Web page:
Click here to read the article on circleofblue.org

Joint U.S.-Canada Agency Calls for Big Phosphorus Reductions in Lake Erie

Curbing harmful algal blooms and oxygen-deprived dead zones in the Great Lakes requires pollution to be drastically reduced.

By Codi Kozacek

February 28, 2014
Current phosphorus targets for Lake Erie and its tributaries are not enough to keep the lake from suffering toxic algal blooms and hypoxic dead zones that threaten public health and fisheries, according to a new report released by the International Joint Commission (IJC), a U.S.-Canada agency that oversees the Great Lakes and other transboundary waters.

The report proposes a 46 percent cut in the average annual phosphorus load in Lake Erie’s central and western basins to reduce the hypoxic dead zone, and a 39 percent cut in the average annual phosphorus contributed by the Maumee River to reduce harmful algal blooms.

Just as significantly, the Commission recommended achieving those reductions by applying Public Trust Doctrine legal principles to write and enforce restrictions that have been unattainable using conventional regulation. The Public Trust Doctrine, based on ancient governing and legal principles, establishes the Great Lakes as a “commons,” the conviction held by societies, stretching back thousands of years, that a select group of resources — air, water, hunting grounds, rivers, oceans, lakes — are so vital that they are community assets to be collectively protected and shared.

Once a resource attains such high value, securing its vitality emerges as a basic human right, like liberty. The Joint Commission views the Public Trust Doctrine as a necessary legal tool to update federal and state water pollution statutes, which essentially give cities, industries, and farmers the authority to pour specific amounts of contamination into the lakes. The U.S. Clean Water Act, in fact, largely exempts farms, the most important source of phosphorous, from regulations that would limit phosphorous pollution. By declaring the Great Lakes as a “commons,” the newly-applied doctrine could give governments fresh authority to protect waters from any source that would cause harm.

“Functionally, the public trust guarantees each person as a member of the public the right to fish, boat, swim, and recreate in Lake Erie, and to enjoy the protection of the water quality and quantity of these waters, free of impairment,” said FLOW, an environmental organization in Traverse City, Michigan that has played a crucial role in promoting use of the Public Trust Doctrine to clean up the Great Lakes. “The effects of harmful algal blooms – from “dead zones” that suffocate aquatic species, to toxic secretions that close beaches and pose health hazards to boaters, fishers, and swimmers – are clear violations of the public trust. Thus, as sworn guardians of the Great Lakes waters under the public trust, the states have a duty to take reasonable measures to restore the water quality and ensure that the public can fully enjoy their protected water uses.”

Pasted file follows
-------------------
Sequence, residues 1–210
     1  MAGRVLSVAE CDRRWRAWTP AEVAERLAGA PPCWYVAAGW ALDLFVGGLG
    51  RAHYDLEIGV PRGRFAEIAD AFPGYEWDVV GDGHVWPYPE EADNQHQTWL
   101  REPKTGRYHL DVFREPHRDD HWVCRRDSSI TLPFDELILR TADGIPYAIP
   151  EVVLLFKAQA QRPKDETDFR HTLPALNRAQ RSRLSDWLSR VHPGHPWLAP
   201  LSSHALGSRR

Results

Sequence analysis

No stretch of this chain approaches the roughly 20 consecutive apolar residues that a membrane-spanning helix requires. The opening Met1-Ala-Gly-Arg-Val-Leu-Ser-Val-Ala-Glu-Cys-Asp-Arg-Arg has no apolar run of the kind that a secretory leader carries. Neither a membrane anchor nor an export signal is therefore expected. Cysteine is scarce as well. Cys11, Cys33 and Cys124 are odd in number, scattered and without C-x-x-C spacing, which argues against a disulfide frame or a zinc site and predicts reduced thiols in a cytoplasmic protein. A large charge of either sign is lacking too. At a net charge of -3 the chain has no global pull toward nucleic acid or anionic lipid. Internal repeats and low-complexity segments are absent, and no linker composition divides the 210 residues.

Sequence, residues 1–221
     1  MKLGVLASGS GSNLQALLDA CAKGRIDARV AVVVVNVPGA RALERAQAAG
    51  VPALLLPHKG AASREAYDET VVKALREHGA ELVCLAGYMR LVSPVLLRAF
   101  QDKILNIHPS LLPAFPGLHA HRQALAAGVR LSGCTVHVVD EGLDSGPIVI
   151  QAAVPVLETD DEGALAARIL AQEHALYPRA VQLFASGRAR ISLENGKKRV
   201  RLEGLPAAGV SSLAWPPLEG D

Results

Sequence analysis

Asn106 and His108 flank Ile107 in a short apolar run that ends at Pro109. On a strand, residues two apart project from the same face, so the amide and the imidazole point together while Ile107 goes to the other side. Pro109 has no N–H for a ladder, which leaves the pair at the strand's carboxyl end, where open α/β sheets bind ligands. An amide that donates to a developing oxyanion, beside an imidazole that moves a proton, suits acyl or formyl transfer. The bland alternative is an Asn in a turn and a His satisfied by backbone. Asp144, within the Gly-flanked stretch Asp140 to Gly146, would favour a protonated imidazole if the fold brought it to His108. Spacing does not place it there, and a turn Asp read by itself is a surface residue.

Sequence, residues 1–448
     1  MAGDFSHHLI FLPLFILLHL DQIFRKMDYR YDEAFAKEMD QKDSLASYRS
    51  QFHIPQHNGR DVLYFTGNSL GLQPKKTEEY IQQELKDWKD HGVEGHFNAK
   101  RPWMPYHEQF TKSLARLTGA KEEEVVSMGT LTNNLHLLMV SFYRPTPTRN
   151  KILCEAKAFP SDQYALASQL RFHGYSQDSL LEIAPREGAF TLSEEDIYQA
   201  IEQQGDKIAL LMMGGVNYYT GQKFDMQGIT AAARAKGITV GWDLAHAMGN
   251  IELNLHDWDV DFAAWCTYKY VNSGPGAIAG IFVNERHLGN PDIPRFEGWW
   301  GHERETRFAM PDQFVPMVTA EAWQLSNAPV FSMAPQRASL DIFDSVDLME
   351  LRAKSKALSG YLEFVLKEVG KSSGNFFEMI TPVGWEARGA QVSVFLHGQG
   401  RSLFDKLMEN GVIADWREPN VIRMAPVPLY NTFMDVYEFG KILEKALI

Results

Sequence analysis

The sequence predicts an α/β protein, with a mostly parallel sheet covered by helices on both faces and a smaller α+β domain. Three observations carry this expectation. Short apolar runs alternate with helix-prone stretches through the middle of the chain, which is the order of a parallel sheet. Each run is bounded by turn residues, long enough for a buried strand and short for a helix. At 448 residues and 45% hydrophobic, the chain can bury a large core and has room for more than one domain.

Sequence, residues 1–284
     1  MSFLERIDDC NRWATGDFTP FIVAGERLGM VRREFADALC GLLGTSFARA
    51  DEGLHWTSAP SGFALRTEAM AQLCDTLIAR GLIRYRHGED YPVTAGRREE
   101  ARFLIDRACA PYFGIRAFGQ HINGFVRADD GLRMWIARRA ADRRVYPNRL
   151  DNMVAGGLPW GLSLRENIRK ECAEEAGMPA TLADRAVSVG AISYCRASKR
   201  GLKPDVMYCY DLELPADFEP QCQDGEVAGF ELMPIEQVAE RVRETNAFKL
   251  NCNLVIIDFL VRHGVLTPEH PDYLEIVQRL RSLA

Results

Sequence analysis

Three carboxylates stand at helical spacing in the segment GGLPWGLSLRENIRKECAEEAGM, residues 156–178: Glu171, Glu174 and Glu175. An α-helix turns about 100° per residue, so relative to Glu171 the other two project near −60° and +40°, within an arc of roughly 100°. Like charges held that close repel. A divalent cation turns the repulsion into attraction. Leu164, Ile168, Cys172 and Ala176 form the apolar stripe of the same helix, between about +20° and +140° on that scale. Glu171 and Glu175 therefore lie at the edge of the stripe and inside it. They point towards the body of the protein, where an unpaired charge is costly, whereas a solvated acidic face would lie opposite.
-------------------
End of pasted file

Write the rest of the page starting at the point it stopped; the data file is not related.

Jim Olson, attorney and founder of FLOW who has been practicing environmental and water law for 40 years, said the IJC report is a significant acknowledgement of the role the public trust doctrine can play in protecting the Great Lakes.

“The IJC is being sound and thorough in science, pragmatic in the necessity for a new approach, and profoundly visionary by moving us to the public trust principles as a compliment to the existing legal framework,” he told Circle of Blue. “So if that framework is failing, because parties can’t agree or states can’t ask for a phosphorus limit, the citizens and the IJC can step in an demand it be done because of this legal obligation on the part of the states and provinces.”

Phosphorous is clearly harming the Great Lakes. Lake Erie experienced its largest algal bloom ever in the summer of 2011. Toxic blooms in the fall of 2013 shut down an Ohio drinking water plant for the first time in state history. Algal blooms also are inundating the shores of Lake Michigan near Green Bay in Wisconsin, and along the shores of Sleeping Bear Dunes National Lakeshore in northern Michigan, a region that ABC TV’s Good Morning America declared in 2011 to be “the most beautiful place in America.”